Very few people are able to avoid the use of screen base technology. Whether at work, school, home or even out socially, screens are all around us. And they all emit blue light.
According to Christophe Martinsons, Head of Lighting and Electromagnetism at CSTB Grenoble France, although LEDs emit negligible UV and infrared radiation, they are linked to visible light and “more particularly the blue part of the spectrum”.
Mr. Martinsons stated that blue light could be harmful to the retina as a result of oxidative stress. He said in general the photochemical damage of the retina depends on the accumulated dose to which the person has been exposed, which can be the result of a high intensity short exposure but can also appear after low intensity exposure repeated over long periods.3
Essilor’s research identified that exposure to UV light can be a factor in the development of cataract and exposure to blue light can be a factor in early onset of age-related macular degeneration. This is not a new finding.
In studies that exposed rhesus monkeys to high intensity blue light at 441nm for duration of 1000 seconds, Dr. William Ham, who has been described as an expert on the effects of radiant energy on the retina,4 noted that two days after the exposure, lesions had formed in the monkeys’ retinal pigment epithelium. Dr. Ham concluded “long term, chronic exposure to short wavelength light is a strong contributing factor to age related macular degeneration.5
In 1983 he wrote: “Most authorities now believe that the near UV radiation absorbed throughout life by the lens is a contributing factor to ageing and senile cataract. Thus, by protecting the retina from near UV radiation, the lens may become cataractous. My own personal opinion is that both the retina and the lens should be protected throughout life from both blue light and near UV radiation. This would delay the onset of senescence in both the lens and retina (senile cataract and senile macular degeneration).”
In 1998, Nancy Quinn, a US based Registered Nurse and ‘expert’ in blue light stated, “there is mounting medical evidence that prolonged exposure to blue light may permanently damage the eyes, contribute to the formation of cataracts and to the destruction of cells in the center of the retina.”5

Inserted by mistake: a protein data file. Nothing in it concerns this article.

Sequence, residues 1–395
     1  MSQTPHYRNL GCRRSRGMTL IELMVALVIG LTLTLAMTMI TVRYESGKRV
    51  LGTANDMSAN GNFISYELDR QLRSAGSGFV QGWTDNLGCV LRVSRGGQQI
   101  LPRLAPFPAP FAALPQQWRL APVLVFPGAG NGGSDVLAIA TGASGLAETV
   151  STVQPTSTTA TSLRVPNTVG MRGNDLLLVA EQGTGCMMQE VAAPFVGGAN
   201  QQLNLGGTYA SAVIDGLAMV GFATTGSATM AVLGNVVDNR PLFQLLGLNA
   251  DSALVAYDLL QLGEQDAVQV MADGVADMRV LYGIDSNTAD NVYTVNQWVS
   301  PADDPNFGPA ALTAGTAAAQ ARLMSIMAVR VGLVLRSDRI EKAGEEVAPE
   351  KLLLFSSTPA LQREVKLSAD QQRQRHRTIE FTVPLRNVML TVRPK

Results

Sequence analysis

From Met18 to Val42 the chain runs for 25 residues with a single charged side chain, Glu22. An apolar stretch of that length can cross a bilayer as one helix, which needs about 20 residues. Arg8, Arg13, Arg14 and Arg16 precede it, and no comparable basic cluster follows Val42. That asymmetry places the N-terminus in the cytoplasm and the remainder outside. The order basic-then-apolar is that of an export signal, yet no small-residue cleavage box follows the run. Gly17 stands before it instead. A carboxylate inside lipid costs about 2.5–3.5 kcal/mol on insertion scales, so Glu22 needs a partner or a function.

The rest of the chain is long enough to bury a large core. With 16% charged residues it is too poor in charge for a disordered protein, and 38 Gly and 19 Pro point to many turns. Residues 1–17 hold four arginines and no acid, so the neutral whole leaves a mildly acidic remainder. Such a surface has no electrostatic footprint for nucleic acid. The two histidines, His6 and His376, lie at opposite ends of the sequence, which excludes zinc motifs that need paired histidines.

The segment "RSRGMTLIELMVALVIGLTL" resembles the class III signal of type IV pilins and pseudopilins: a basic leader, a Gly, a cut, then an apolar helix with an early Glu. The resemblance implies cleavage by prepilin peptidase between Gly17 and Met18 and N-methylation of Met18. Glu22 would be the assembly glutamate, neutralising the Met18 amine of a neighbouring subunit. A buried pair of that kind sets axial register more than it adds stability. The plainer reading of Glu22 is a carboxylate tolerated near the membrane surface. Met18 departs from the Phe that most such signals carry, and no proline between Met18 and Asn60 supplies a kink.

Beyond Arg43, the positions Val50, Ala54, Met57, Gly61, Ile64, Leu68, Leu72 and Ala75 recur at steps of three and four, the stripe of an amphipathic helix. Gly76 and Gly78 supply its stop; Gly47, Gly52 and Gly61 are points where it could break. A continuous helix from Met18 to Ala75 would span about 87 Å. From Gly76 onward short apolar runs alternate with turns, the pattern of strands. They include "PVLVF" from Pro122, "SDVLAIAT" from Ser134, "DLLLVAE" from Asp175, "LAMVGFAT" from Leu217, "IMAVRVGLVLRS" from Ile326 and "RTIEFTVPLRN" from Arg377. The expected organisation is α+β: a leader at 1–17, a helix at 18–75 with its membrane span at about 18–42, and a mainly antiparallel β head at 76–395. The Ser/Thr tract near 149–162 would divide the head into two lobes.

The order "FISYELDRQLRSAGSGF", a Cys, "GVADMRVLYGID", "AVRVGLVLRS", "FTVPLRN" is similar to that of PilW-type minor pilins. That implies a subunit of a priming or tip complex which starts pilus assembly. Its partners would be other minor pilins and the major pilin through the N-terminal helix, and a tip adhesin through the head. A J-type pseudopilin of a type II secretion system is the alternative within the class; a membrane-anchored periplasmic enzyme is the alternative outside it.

Eye care professionals in Australia have also expressed their concern over the harmful effects of blue light. Behavioural optometrist Helen Summers, is particularly concerned about the need to protect children’s eye health.
“In our schools, our children have increasing use of tablets, computers and other devices for educational use, social media, and gaming – and from an increasingly younger age. With the growing use of digital screens, not only is there an increasing visual demand, and asthenopia symptoms, but also increasing exposure to blue light,” Ms. Summers commented to mivision.
“It is a concern that our children are possibly more vulnerable to blue light exposure and their accumulative effects because their immature crystalline lenses are not able to block blue light,” said Ms. Summers.
According to Essilor, during childhood, the eye is very transparent and lets all visible light and some UV pass through to the retina. After the age of 45, the eye’s natural defence system is weakened. By 2050 there will be 3.7 billion people aged over 45.3
Ms. Summers said while there is a need to embrace technology, it is just as important to minimise the adverse effects of technology use.
“In our practice, we see an increasing number of students with symptoms of near stress and erratic school performance. We question every student on the type and hours spent on electronic devices per day, for educational and social use.
“We advise on visual hygiene, discuss effects of cortisol and circadian rhythms, give them lens support when required, and now can also offer protection from the effects of accumulation of blue with specific AR coatings,” added Ms. Summers.
In recognition of the growing concern about the harmful effects of blue light, many of the international lens laboratories have already introduced blue light blocking lenses. In February 2013, Essilor launched what it claimed to be the “first preventive lenses” that offer selective protection against harmful blue light that can contribute to AMD and against UV rays which can contribute to cataracts.
The Crizal Prevencia lens can protect the eye from wavelengths that contribute to the degeneration of retinal cells while allowing beneficial blue light to pass through. All this while maintaining the transparency
of the lens.